Before your interview
Research the company
If you are invited to an interview you should spend some time researching the company. This will give you confidence should you be asked any question on what the company does. It will also allow you to ask the employer questions. You could contact the company to ask for an information pack or you could look at their website.
It’s helpful to find out the following things about the employer:
- what they do, make or sell?
- who are their customers?
- what sort of organisation are they?
- what is the job likely to involve?
- how can you best fit your skills to match the job?
Plan for the interview
Find out what the interview will involve to make sure you’re prepared. If you have a disability, all employers must make reasonable adjustments for you to have an interview. If you need the employer to make particular arrangements – for example, to help you get into the building – contact them before your interview. This is to make sure they can make these arrangements.
You should think about who will be interviewing you. If it is the person who would be your manager if you got the job, the interview may be more detailed. If it’s the personnel manager, the interview may be less detailed but could still be as testing.
Plan your journey
Consider travelling to the company the day before the interview to check how long the journey will take. If necessary, ask the employer for directions, bus routes or details of where you can park your car. You should plan another way of getting there in case something unexpected happens (such as your car breaking down, or your train being cancelled). If you have a disability, let the employer know so they can make any special arrangements.
Creating the right image
Deciding what to wear for the interview will depend on what sort of work you will be doing. Decide what to wear and get your clothes ready the day before. You don’t have to buy a new outfit. Aim for a neat, clean and tidy appearance, if you look good it will help you feel good.
Gather together the information you’ll need at the interview
Remember to take a copy of your CV or application form to refer to. Prepare notes or cue cards to help if think you might need a prompt during the interview. Take items the employer has asked you to bring along – for example: references, certificates or your driving licence.
Re-read the job advert to refresh your memory and to make sure you haven’t missed anything.
On the day
Before you leave
Give yourself plenty of time to get ready and make sure you’ve got all the relevant paperwork with you. If you are delayed, contact the employer as soon as possible to explain, apologise and arrange another appointment.
When you arrive
You should aim to arrive about ten minutes before the interview time. When you arrive give your name to the receptionist or whoever is there to greet you. Try to relax and keep calm, chat to the receptionist, or whoever greets you before going into the interview. This will help calm you and remember that the interviewer can be just as nervous as you.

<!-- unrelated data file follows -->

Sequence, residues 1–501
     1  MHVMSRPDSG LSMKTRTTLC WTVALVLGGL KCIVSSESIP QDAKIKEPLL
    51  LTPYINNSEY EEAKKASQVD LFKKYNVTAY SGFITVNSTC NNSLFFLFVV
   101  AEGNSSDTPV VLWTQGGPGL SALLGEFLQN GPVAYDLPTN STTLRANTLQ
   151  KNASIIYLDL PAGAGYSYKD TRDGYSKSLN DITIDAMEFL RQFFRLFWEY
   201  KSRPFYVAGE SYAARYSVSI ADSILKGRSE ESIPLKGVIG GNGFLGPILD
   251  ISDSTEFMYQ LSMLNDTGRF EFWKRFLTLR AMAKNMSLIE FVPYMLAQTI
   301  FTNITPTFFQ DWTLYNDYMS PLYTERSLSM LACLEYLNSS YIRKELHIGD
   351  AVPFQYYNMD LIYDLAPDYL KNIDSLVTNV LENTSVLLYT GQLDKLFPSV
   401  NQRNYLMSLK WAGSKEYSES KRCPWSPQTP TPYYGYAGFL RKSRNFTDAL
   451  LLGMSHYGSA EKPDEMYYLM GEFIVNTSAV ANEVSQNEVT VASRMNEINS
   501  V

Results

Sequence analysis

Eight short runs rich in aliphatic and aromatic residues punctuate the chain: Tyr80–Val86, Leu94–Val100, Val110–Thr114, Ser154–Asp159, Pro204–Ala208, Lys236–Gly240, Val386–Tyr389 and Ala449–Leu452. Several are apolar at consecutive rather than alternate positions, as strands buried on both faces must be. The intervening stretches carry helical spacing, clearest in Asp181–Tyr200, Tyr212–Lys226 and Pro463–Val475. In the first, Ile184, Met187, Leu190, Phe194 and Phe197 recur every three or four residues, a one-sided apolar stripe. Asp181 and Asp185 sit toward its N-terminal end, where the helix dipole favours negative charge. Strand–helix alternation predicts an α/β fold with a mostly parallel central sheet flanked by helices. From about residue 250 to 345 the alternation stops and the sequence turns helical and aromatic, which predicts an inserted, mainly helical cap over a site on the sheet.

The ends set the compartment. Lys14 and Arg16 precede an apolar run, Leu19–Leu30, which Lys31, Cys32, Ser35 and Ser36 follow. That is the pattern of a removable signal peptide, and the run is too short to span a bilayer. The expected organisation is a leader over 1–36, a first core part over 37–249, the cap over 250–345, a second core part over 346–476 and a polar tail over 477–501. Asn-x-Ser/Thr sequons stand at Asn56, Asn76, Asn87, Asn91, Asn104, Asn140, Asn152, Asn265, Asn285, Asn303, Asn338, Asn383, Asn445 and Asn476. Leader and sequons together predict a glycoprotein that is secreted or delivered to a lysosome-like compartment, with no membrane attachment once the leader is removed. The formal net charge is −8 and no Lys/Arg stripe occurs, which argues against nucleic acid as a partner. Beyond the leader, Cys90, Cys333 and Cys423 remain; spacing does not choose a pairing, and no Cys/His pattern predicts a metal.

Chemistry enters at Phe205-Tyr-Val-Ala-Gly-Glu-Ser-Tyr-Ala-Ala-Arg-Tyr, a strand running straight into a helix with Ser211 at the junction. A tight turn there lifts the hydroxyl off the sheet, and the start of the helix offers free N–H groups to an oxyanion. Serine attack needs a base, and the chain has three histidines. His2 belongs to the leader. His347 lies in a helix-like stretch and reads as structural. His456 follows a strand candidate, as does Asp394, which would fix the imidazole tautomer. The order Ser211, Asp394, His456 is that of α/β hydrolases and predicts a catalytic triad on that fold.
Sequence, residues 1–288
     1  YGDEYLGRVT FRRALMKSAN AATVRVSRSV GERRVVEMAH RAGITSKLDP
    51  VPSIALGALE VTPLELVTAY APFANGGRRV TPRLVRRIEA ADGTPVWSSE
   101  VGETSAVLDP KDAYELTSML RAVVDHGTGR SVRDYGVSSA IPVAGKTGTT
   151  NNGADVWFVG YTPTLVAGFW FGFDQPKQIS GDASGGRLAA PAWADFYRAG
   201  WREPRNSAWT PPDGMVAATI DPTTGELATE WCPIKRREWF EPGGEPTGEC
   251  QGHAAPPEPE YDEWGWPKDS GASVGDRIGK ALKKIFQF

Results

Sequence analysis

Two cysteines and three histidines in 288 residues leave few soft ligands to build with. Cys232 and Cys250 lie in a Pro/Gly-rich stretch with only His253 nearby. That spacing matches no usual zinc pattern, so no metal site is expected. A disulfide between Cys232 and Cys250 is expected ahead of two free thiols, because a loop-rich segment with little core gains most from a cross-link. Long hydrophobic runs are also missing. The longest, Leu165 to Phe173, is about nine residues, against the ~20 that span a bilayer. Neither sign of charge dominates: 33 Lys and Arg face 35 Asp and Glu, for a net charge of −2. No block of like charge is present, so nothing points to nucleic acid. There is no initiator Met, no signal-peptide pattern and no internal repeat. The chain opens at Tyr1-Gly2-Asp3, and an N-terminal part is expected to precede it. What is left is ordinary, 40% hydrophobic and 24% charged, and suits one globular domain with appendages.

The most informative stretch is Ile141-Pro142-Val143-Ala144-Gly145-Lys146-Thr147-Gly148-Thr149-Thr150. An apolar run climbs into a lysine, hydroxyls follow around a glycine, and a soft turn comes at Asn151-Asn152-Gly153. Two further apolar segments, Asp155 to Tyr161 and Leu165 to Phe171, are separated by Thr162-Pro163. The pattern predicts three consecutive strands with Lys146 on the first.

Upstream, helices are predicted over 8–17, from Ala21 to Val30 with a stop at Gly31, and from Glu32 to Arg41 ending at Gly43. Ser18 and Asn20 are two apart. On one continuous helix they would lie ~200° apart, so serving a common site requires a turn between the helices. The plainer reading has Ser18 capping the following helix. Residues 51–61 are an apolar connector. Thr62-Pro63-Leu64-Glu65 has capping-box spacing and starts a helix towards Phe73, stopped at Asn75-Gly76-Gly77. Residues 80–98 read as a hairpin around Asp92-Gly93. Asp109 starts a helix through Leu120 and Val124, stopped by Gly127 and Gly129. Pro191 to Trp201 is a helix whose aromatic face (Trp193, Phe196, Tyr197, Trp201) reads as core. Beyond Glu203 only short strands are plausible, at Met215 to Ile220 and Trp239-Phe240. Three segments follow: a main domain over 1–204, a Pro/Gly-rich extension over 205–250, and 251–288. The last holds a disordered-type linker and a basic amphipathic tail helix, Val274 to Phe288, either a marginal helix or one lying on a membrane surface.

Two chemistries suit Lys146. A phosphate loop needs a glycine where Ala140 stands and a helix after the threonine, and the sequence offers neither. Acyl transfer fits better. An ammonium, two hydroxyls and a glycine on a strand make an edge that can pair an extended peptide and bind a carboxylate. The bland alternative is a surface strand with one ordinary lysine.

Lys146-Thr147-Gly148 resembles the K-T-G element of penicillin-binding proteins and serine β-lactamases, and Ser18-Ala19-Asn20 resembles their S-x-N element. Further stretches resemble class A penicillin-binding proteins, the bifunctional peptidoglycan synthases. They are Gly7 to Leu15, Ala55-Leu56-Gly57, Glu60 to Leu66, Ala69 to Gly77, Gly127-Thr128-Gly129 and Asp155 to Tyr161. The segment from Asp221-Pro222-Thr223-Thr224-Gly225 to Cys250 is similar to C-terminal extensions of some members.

At the interview
Accept that it is natural to be nervous and that you may have a fast heartbeat, clammy hands and ‘butterflies’ in your stomach. These are your body’s natural way of meeting a challenge, and in small doses it can help you.
You will make an impression in the first few minutes. It takes this time for people to assess you and store this information. Once you have made a first impression, it’s hardly ever changed. It’s important to make a good first impression. If you’re nervous your voice may sound shaky and squeaky. Practise deep, slow breathing before you get to the interview. This will slowdown your heart rate and help you avoid taking quick shallow breaths.
Things you should do
Here are some helpful hints and tips to help you during your interview:
- enter the room confidently
- shake hands firmly and introduce yourself smile
- be polite, friendly and look the interviewer in the eye as soon as you enter the room
- check that it’s OK to use cue cards or notes during the interview
- try to maintain eye contact with the person or people you are talking to
- look interested and ask questions as well as answering
- answer questions as fully as you can, avoid just saying ‘yes’ or ‘no’
- provide examples to prove your skills and achievements
- tell the truth
- ask if you don’t understand a question
- speak clearly
- sell yourself – get your good points across and be positive
- answer questions with examples • keep your answers brief and to the point
- come prepared
- appear confident
Things you shouldn’t do
Here are some things you shouldn’t do in an interview:
- sit down until the interviewer asks you to
- fidget or slouch in the chair or fold your arms
- swear – even mildly
- criticise your past employers
- draw attention to your weaknesses
- lie or be too enthusiastic – stay calm and stick to the facts